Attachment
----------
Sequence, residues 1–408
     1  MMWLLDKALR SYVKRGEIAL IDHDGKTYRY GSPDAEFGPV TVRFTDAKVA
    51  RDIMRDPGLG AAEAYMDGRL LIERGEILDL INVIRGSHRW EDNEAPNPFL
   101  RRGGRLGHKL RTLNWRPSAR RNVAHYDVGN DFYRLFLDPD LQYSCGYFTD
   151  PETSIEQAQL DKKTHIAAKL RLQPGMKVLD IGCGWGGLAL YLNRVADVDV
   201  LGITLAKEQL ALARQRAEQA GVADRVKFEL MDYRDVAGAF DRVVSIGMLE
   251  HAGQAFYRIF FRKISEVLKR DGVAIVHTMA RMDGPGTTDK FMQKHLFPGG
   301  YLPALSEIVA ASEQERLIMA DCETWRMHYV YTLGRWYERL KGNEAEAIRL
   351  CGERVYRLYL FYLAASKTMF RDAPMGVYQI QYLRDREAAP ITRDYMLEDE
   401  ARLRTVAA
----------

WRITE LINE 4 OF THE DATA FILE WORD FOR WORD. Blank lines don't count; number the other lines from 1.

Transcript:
   101  RRGGRLGHKL RTLNWRPSAR RNVAHYDVGN DFYRLFLDPD LQYSCGYFTD